The Snitch Lawyer
Yesterday we attended a pretrial conference on a 19-defendant federal cocaine conspiracy case. Such cases are few and far between in Houston nowadays; the 15 lawyers in the room were in high spirits. When we were making our appearances on the record, the appointed lawyer for one defendant announced that he was asking to withdraw from the case because his client had hired the Snitch Lawyer to represent him.
The Snitch Lawyer is notorious for rushing every client to the U.S. Attorney’s office to cooperate with the government. He has not — and he will freely admit this — tried a case in the last 15 years.
A few people charged with federal crimes should indisputably plead guilty; a few people charged with federal crimes should indisputably go to trial.
The Snitch Lawyer doesn’t have a small docket. He represents lots of people at a time. In the last 15 years, he has, without a doubt, pled guilty some people who should indisputably have gone to trial.
Most people fall in the grey zone in between, in which either trial or plea might be appropriate depending on the accused’s tolerance for risk. These people need the advice of a competent lawyer who can explain all of the options to them before they make the plea/trial decision. In order to explain all of the options, the lawyer has to consider all of the options. The snitch lawyer, who doesn’t try cases, won’t try cases. That’s not an option open to him. If your only tool is a hammer, every problem looks like a nail; if your only tool is cooperation, every client looks like a cooperator.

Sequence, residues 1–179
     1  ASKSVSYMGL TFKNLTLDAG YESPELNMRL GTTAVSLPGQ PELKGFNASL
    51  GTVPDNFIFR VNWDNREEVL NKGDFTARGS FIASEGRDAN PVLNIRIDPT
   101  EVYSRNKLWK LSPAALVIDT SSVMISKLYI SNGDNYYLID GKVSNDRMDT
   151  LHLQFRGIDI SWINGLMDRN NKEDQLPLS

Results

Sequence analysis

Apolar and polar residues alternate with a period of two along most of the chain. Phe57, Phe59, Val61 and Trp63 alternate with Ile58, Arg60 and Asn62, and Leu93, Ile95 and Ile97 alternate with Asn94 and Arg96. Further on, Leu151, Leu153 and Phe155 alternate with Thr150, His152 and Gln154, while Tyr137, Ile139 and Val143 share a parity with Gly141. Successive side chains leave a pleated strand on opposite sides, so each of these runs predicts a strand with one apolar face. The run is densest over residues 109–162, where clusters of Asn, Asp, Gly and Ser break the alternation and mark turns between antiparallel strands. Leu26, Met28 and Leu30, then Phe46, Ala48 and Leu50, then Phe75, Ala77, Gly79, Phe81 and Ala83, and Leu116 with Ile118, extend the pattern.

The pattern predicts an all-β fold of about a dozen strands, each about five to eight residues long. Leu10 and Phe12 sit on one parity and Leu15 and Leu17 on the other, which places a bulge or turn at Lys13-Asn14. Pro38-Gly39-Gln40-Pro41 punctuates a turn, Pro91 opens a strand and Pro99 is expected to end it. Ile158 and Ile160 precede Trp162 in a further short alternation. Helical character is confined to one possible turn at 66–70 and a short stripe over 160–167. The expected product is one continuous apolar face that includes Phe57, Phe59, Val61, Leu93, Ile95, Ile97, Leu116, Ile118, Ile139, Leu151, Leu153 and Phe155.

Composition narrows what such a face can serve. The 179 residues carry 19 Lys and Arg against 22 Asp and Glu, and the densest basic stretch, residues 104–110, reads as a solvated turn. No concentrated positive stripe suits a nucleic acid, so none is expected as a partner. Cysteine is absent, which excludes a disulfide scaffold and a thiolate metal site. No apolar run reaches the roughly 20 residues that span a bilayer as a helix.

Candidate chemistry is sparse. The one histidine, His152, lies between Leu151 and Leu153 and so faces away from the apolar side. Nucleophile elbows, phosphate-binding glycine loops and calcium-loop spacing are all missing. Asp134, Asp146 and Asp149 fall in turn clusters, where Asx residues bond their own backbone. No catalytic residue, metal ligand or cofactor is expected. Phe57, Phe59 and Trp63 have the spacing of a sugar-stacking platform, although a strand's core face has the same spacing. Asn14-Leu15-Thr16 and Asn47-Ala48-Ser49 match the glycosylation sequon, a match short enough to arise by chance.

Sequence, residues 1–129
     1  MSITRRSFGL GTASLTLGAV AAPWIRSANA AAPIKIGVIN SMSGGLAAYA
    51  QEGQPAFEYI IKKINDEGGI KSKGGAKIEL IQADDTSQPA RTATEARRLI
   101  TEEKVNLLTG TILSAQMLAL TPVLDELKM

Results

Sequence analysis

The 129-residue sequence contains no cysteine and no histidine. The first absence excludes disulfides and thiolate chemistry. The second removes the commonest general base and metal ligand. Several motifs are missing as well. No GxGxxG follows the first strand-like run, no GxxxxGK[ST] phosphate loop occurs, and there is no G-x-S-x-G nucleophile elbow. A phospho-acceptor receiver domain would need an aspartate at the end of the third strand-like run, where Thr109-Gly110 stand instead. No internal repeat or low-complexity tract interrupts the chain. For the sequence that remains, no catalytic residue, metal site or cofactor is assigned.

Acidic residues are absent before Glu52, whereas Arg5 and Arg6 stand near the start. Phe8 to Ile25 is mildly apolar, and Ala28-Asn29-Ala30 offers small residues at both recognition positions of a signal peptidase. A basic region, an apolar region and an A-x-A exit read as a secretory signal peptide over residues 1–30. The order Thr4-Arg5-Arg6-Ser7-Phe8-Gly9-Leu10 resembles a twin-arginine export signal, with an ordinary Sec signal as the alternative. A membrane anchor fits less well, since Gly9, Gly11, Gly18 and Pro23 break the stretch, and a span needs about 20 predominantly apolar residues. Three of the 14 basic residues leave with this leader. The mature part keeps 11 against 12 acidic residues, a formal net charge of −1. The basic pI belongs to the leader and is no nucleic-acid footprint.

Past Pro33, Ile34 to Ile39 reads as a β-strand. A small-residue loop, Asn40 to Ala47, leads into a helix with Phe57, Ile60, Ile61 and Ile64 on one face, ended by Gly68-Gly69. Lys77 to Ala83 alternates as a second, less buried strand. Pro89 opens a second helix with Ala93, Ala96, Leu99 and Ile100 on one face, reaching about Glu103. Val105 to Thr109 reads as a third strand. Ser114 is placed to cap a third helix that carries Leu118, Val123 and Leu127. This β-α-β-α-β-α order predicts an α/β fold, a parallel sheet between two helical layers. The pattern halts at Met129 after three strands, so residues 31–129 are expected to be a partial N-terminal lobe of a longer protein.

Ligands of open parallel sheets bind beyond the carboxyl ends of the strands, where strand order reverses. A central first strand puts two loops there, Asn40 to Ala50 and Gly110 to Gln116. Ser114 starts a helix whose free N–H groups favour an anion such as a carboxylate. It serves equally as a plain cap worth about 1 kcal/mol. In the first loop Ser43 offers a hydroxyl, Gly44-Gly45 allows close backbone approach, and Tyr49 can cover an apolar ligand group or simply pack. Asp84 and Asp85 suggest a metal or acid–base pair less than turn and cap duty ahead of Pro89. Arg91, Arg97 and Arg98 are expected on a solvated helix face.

The Snitch Lawyer doesn’t even bother looking at the government’s case against his clients before running them down to the courthouse to plead guilty and cooperate. He couldn’t possibly be informing his clients truthfully of their chances of winning at trial.
Without being informed, they can’t make a meaningful decision. The Snitch Lawyer would probably say that his clients have made the decision to cooperate before they hire him, that that is what they have hired him for. But no person accused of a crime is competent to make the key decision in his case without the advice of competent counsel, and a lawyer who has not, in 15 years, seen a case worth trying is not competent to represent people in federal criminal court. Many of the people the Snitch Lawyer has represented would, I do not doubt, have prevailed at trial if they had hired competent counsel who saw trial as an option.
The Snitch Lawyer might, as evidence that he’s doing the right thing, point to his clients who have received longer sentences if not for him. I would point to his clients who would have been acquitted if not for him, and ask how many people he’s willing to sacrifice to get lower sentences for the others. Charles Sevilla, writing as Winston Schoonover, coined the term “V-6” for a walking violation of the Sixth Amendment. To me, the Snitch Lawyer epitomizes a V-6. The government couldn’t have a better ally in the criminal defense bar if it paid him.
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